Mary Magdalene, the first witness to the Resurrection,
Mary Magdalene, who is known as the Apostle to the Apostles because she was the first to witness Christ as risen from the grave and she went and told that good news to the rest of the disciples,
Mary Magdalene, when she first witnessed this risen Christ, she mistook him for the gardener. She didn’t recognize him. She thought he was someone she hadn’t met before.

You could imagine it was like one of those awkward moments at a party, “I’m sorry, ha-have we met before?”
“Uh, yeah, I asked you out in high school.”
“Oh, um, sorr…”
“…It’s okay, you told me to get lost. And I got lost and I’ve also lost a lot of hair since then, so …”

At any rate, the intriguing thing is that in all these gospel stories about Jesus appearing after his passion, death, and descent, this keeps happening: the people who knew him in life don’t recognize him when they first see him again.

And it’s not like it’s their fault.

It’s more than just doing a double-take: “O! Jesus Christ! It’s you! I wasn’t expecting … I mean, I thought, um, you know, you were dead…”

It’s more than just surprise. The Easter stories are stranger.
There’s this quality of the uncanny when people first encounter this risen Christ.
Christ appears and as soon as people wake up to the fact that it’s him, he slips away again. And folks are left with their mouths hanging open. “What just happened?”
There’s something dream-like going on, but not in the way of un-reality, but rather hyper-reality. These are heightened experiences, more real than our usual sleepy awareness allows existence to be. It’s like, I remember when I saw the Grand Canyon I couldn’t believe my eyes, which is a cliche until you experience what it’s like for what you’re seeing to totally blow the scope of your usual understanding. What was stretched out before me was too tremendous and beautiful, too vivid to totally take in. Reality almost shimmered with fairy dust in my eyes. Totally astonishing.
So, you could say that these encounters with the risen Christ take place in the uncanny valley beyond death and life as we know it.

There’s an impact to this new Christ-being that is direct and powerful.

In one story from the gospels two disciples encounter a stranger on the road and get to talking. They hit it off and they invite guy to eat supper with them.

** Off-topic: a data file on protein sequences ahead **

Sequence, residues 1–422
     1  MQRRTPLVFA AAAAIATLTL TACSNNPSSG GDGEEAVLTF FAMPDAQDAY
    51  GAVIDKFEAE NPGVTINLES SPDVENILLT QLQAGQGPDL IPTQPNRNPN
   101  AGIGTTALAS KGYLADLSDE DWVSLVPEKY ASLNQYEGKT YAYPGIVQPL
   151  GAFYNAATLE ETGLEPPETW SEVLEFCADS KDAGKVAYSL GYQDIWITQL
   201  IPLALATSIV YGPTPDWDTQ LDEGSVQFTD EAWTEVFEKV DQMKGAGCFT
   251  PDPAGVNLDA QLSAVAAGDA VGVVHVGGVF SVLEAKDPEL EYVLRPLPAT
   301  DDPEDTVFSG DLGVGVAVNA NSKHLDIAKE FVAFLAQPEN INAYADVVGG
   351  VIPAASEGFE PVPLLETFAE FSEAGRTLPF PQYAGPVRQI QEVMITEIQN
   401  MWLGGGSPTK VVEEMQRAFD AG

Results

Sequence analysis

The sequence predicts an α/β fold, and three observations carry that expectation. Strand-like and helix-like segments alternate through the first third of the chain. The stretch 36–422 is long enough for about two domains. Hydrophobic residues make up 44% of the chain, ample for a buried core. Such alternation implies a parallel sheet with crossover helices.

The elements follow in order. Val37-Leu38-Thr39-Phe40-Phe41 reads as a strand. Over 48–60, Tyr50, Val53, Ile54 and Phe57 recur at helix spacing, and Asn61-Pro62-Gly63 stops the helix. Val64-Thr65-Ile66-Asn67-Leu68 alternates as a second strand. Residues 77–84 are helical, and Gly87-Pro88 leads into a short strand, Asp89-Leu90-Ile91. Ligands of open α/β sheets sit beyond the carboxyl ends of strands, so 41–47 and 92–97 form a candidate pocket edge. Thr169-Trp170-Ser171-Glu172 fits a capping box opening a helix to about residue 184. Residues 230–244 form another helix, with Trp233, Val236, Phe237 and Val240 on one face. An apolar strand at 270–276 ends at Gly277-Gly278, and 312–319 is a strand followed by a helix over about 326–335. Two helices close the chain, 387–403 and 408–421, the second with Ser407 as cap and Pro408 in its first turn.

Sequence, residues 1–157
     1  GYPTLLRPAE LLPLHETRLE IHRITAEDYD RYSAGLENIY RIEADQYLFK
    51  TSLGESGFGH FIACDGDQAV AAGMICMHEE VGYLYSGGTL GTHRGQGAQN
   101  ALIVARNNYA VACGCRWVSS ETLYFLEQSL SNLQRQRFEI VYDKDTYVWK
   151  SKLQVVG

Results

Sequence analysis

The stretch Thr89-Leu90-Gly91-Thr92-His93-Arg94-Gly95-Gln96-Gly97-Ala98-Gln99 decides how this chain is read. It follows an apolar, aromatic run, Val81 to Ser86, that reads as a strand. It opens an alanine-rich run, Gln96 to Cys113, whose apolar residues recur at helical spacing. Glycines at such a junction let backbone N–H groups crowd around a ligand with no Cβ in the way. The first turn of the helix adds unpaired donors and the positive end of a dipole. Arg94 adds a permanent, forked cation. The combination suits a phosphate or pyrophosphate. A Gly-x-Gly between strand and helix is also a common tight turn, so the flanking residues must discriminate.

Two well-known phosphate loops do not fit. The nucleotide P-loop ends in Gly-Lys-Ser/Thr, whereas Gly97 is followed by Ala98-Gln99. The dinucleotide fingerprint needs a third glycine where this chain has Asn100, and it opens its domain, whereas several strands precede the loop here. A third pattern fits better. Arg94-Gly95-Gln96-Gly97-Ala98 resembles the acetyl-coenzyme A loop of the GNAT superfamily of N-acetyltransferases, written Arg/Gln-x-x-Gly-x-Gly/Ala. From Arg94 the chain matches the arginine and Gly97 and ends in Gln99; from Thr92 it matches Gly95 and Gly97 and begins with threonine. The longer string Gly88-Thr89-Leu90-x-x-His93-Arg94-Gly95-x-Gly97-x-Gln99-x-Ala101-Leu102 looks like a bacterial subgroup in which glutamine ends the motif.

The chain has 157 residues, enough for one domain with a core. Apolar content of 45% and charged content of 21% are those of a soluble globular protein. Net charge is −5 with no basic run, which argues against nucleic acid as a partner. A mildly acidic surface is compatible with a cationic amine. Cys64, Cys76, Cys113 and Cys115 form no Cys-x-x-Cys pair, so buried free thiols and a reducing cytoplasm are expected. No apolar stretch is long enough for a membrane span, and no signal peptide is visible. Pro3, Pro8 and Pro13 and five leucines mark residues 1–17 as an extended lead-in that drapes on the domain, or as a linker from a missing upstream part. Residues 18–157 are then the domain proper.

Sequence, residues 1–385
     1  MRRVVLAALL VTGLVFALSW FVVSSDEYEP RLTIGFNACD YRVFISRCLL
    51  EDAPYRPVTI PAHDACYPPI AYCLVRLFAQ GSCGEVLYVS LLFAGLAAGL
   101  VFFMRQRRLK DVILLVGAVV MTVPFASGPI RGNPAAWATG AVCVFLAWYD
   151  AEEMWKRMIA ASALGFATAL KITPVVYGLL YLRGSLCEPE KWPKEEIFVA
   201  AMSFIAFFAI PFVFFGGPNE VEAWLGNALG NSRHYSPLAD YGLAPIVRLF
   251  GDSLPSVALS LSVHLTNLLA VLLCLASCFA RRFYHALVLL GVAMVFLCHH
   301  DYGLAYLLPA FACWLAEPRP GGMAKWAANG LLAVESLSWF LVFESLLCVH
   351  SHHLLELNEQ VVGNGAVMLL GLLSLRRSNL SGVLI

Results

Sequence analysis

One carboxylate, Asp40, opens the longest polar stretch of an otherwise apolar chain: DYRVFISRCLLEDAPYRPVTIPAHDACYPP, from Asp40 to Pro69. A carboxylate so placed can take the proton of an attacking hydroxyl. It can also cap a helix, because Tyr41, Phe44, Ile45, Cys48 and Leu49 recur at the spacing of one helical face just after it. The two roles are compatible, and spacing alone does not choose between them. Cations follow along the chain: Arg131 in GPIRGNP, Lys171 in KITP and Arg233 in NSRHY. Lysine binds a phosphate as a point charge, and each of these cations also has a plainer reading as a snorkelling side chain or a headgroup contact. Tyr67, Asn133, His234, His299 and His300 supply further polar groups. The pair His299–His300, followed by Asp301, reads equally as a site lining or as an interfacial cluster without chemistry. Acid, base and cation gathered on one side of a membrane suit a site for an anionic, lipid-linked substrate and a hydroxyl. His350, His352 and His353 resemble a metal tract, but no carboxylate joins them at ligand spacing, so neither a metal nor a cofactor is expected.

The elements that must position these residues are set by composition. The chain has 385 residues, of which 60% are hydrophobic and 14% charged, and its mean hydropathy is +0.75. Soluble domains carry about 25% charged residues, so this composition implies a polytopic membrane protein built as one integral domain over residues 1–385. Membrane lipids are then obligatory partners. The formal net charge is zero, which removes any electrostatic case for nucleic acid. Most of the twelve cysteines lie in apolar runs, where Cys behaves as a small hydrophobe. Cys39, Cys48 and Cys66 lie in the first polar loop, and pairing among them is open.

They sit down together and this man takes the bread into his hands and thanks God and blesses it and breaks it and gives it to them – and that’s when it hits the disciples, right between the eyes: It’s Jesus.
And once they’ve woken up, the disciples remember that when they first met this stranger on the road, their hearts burned in their bodies. They had this powerful feeling that they didn’t taken it.
It’s like the scope of feeling, then scope of reality involved here is too much to bare.

There is a powerful transformation that is taking place in these resurrection encounters.
Christ is transforming, his face and voice and very being are moving beyond the forms they took in Jesus’ mortal life, moving into a fuller and deeper realm.

There is an unveiling, a revelation.

Yet at the same time it’s the most ordinary thing in the world…

The gardener: Mary mistook Jesus for the gardener. The seed planter. The sprout-tender. The composter. The harvest worker.
That’s a good way to see Jesus. And that’s mostly the kind of stuff that Jesus talked about. When he was teaching about the Kingdom of Heaven, he’d talk about what it’s like to plant and grow. What it’s like to gather up the harvest together. What it’s like to go fishing. What it’s like to tend to each other’s hunger to tend to each other’s hurts. The basic elemental stuff of being human together.

One time the disciples asked Jesus “The Kingdom, the Realm of Heaven, when will it come?”
Jesus told them, “It won’t come by watching for it. People won’t say, ‘Look, here!’ or ‘Look, there!’ Rather, the Realm of Heaven is already spread out upon the earth, yet people don’t see it.”

Jesus also said, “What you do to the least of these you do to me.”
And if we dare to believe in the Resurrection it means we dare to take this in its simple, direct meaning: we literally see Christ and care for Christ or literally scorn Christ in how we respond to folks who are hungry or hurt or lost or alone. A Savior who was crucified and who rose again into the fullness of Christhood is a Savior who abides within each and all whom we encounter. Yet so often we don’t walking around seeing this.

The Apostle Paul said, “We see only in a mirror, dimly.” “Through a glass darkly,” is the more well-known turn of phrase. The Greek word here is “enigma”: We see the truth as an enigma in a mirror, as a riddle in a reflection.